The scraps of lore which children learn from each other are at once more real, more immediately serviceable, and more vastly entertaining to them than anything which they learn from grown-ups. To a child it can be a ‘known fact’ that the Lord’s Prayer said backwards raises the devil, that a small knife-wound between the thumb and forefinger gives a person lock-jaw, that a hair from the head placed on the palm will split the master’s cane. It can be a useful piece of knowledge that the reply to ‘A pinch and a punch for the first of the month’ is ‘A pinch and a kick for being so quick’. And a verse a child hears the others saying,
Mister Fatty Belly, how is your wife?
Very ill, very ill, up all night,
Can’t eat a bit of fish
Nor a bit of liquorice.
O-U-T spells out and out you must go
With a jolly good clout upon your ear hole spout,
may seem the most exciting piece of poetry in the language. [Compare with the two US rhymes,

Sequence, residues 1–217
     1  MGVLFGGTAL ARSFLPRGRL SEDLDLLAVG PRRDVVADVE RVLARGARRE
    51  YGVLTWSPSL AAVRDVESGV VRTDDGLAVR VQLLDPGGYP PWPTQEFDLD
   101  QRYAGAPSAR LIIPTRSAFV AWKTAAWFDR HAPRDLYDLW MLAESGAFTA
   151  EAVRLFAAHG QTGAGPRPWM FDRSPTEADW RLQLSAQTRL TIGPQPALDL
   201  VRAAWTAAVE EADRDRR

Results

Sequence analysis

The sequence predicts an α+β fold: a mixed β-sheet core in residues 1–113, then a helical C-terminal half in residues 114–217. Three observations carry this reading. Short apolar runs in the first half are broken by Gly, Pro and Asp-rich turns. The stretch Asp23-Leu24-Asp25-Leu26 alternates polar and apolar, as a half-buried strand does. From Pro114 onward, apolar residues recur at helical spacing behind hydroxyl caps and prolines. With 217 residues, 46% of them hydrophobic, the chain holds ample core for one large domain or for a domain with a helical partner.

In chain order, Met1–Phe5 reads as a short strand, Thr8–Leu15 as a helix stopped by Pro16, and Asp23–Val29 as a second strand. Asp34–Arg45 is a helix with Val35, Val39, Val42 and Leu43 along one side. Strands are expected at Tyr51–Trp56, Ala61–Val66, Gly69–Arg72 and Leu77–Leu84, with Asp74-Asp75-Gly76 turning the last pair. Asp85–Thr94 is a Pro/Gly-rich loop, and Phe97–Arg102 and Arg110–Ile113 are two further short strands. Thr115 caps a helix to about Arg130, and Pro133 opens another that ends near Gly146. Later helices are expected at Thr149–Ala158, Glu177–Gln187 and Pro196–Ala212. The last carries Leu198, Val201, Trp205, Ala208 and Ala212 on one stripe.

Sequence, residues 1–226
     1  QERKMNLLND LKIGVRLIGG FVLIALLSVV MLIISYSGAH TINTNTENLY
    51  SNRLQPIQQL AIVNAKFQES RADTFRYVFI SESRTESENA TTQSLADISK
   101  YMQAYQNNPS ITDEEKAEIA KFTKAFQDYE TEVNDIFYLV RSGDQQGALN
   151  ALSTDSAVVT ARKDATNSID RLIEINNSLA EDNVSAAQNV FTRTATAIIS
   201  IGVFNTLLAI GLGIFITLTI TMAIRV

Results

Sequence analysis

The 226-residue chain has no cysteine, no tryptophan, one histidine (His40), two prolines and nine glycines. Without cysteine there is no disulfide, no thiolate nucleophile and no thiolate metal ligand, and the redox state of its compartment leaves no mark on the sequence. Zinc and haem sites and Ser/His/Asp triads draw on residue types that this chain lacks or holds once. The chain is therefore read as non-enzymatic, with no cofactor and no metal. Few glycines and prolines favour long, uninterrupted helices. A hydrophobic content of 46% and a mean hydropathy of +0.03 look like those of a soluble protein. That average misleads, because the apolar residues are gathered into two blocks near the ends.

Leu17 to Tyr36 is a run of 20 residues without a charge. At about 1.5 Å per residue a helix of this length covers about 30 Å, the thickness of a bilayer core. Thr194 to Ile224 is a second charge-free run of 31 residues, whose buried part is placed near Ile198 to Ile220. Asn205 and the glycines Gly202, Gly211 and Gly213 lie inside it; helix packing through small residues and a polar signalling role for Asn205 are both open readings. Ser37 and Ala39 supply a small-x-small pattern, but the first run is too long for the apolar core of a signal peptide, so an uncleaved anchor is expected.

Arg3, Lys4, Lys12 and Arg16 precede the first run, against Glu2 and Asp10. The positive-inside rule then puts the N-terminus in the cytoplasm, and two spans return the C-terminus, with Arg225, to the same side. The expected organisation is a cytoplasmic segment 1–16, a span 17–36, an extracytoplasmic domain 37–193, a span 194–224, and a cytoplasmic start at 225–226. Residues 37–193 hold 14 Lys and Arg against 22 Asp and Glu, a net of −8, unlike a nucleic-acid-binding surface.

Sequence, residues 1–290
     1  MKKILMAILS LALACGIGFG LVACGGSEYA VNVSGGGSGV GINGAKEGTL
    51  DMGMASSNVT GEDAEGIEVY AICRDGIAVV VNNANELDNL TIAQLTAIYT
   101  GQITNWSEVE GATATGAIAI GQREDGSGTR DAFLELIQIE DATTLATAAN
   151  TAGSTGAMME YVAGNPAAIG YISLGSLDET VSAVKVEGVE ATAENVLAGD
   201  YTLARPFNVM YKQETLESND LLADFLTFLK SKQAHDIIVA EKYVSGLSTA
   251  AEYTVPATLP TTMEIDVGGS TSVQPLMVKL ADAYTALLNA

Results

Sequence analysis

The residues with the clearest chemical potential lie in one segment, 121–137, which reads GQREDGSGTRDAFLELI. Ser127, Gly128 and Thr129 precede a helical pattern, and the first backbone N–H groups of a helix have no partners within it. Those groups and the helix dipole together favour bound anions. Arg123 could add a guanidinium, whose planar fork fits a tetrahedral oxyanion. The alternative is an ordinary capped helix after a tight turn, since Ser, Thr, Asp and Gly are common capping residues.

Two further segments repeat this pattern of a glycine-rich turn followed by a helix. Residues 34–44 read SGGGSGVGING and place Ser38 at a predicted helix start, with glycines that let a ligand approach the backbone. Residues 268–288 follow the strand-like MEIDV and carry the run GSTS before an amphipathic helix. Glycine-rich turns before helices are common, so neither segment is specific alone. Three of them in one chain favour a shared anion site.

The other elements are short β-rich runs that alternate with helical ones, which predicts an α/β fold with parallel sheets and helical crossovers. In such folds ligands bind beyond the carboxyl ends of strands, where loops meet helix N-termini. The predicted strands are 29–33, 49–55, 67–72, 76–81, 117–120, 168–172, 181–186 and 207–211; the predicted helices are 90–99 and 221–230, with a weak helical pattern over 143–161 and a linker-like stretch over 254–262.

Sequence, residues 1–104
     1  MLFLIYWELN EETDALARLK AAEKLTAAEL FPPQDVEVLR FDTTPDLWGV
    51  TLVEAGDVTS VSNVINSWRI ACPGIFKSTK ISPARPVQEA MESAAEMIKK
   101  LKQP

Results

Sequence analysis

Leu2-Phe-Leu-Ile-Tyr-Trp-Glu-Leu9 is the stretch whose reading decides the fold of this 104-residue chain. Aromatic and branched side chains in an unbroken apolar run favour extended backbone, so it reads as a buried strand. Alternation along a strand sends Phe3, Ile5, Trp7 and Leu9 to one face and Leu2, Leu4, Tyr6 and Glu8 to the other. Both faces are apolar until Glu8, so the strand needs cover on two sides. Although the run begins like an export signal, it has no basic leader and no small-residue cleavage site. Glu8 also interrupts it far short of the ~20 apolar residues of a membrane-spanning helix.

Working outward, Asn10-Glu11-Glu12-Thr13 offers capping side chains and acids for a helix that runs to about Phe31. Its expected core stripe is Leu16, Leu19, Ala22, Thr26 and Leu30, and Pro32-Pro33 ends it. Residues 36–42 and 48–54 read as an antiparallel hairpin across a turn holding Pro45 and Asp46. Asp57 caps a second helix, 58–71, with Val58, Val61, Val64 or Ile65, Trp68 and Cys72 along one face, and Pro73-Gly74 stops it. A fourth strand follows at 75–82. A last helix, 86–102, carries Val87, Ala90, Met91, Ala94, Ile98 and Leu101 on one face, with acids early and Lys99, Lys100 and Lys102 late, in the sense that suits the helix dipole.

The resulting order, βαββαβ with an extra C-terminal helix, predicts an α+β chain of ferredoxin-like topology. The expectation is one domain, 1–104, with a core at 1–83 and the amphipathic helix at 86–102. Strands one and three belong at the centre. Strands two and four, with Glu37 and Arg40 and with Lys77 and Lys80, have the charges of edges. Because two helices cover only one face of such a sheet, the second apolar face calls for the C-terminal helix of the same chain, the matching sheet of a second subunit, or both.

Fatty, fatty two-by-four
Couldn’t get through the bathroom door
So he did it on the floor.
One potato, two potato, three potato, four,
Five potato, six potato, seven potato more.
Out goes Y-O-U.]
Such a verse, recited by 8-year-olds in Birmingham, can be as traditional and as well known to children as a nursery rhyme; yet no one would mistake it for one of Mother Goose’s compositions. It is not merely that there is a difference in cadence and subject-matter, the manner of its transmission is different. While a nursery rhyme passes from a mother or other adult to the small child on her knee, the school rhyme circulates simply from child to